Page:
Intelligent design critics are going to dispute all of these arguments I mention. That’s fine. But dispute those arguments. Don’t act as though we’ve never given explanations for why we think that Darwinism is an improbable account of the complexity of life. Don’t attack specified complexity for not showing that Darwinism is improbable. That was never the intent of specified complexity. It is the intent of a host of other arguments put forward by intelligent design proponents.
Arguing over who has the burden of proof might be ok if there were no arguments on the table attempting to establish that question. But there are arguments on the table. There is no need to fall back on trying to shift the burden of proof onto someone else. Its a dubious tactic at the best of times, and totally pointless in the face of the arguments developed by intelligent design proponents.
So please, discuss the actual arguments put forward about the probabilities.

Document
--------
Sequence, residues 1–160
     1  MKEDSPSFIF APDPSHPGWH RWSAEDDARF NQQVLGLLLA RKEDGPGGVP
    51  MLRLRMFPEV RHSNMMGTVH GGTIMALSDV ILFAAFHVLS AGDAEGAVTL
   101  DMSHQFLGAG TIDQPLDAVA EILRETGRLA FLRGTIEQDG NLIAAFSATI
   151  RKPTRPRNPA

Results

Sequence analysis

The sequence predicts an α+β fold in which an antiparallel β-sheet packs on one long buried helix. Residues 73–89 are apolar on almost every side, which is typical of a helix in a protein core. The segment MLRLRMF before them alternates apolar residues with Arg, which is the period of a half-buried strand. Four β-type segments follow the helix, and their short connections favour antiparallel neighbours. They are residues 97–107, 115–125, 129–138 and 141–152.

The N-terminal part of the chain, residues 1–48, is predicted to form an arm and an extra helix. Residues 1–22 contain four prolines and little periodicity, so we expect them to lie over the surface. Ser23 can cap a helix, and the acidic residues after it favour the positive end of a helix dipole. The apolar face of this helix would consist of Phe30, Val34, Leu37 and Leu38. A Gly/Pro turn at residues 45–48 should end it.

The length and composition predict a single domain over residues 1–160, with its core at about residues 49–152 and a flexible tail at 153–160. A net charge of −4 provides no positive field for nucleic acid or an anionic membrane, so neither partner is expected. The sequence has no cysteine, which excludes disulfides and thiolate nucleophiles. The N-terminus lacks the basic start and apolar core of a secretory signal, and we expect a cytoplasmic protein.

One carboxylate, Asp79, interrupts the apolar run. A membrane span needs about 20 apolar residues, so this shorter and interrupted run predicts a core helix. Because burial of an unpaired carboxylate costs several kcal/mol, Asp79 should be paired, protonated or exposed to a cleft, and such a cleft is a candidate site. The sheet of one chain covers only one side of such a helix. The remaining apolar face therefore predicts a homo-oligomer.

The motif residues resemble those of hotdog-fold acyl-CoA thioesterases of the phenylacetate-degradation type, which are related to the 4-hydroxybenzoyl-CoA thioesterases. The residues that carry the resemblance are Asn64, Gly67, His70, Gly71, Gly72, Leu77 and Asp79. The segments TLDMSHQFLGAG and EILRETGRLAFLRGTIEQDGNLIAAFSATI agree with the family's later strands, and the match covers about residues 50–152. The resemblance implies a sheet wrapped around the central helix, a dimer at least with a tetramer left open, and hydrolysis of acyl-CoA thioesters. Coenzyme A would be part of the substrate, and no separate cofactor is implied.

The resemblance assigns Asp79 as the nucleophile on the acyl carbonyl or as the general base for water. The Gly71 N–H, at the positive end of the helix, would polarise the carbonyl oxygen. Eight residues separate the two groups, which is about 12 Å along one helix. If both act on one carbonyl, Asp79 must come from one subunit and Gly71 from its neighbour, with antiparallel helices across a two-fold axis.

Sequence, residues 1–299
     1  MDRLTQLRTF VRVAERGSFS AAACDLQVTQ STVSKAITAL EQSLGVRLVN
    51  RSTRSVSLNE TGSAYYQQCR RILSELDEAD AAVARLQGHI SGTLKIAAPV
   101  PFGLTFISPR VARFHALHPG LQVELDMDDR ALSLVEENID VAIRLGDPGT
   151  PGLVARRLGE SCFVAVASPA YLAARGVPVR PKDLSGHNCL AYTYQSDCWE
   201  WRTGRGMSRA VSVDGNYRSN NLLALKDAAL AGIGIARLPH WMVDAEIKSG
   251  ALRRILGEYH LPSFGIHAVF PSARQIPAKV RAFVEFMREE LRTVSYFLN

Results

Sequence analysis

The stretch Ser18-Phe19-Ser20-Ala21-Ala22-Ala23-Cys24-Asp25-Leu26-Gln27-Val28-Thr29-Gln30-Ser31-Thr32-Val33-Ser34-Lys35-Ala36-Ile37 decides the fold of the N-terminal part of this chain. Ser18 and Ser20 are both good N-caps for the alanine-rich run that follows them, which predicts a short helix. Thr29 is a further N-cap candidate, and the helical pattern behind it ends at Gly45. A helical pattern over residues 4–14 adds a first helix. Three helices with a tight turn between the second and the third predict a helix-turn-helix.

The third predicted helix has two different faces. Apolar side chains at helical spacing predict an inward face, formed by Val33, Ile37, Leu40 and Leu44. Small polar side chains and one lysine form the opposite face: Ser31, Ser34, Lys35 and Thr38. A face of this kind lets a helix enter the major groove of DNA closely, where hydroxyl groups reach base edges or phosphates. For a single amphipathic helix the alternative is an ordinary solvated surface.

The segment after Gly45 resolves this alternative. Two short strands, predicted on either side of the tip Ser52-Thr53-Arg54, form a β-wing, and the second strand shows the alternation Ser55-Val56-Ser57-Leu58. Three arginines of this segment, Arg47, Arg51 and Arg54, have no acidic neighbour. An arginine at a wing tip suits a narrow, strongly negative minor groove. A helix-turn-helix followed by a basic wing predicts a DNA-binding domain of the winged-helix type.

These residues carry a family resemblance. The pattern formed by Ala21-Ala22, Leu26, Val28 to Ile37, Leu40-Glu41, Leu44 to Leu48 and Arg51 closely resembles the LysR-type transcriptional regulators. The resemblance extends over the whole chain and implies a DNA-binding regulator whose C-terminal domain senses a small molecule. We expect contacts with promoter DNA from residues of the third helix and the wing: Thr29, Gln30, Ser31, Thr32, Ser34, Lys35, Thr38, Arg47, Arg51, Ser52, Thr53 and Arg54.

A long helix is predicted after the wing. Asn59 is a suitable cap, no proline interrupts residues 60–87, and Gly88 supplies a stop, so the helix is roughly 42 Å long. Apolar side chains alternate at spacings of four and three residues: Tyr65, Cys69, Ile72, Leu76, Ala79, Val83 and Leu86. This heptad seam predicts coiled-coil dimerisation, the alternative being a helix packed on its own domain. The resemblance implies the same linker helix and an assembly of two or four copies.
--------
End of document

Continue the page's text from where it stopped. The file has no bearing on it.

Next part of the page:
RNA first it is not contradictory with protein first? RNA world isn´t contradictory with metabolism first? Starting with membranes is not contradictory to start in hidrotermal vents?
Interesting, “enviromental events” is a know cause for fixation by drift. Then darwinist said that I do not understand evolution.
Perhaps you should point out the correct path to follow, so that all other paths can be dropped?
No. Finding evidence for one does not mean the other could not happen. There’s a difference between answering the question “what did happen at the origin of life?” and “how could life originate?”
Can you give me an example? petrushka give a link where a natural process led to less complex RNAs, can you give an example of your statement?
Well if the other universe affected phisically this universe it is not other universe is another part of this universe.
That’s a common complaint.
Perhaps you can link to a paper that is fraudulent.
Again, people speculate on OOL. Do you have a citation to anyone who claims to have discovered the correct and true history of OOL?
Elements of metabolic evolution.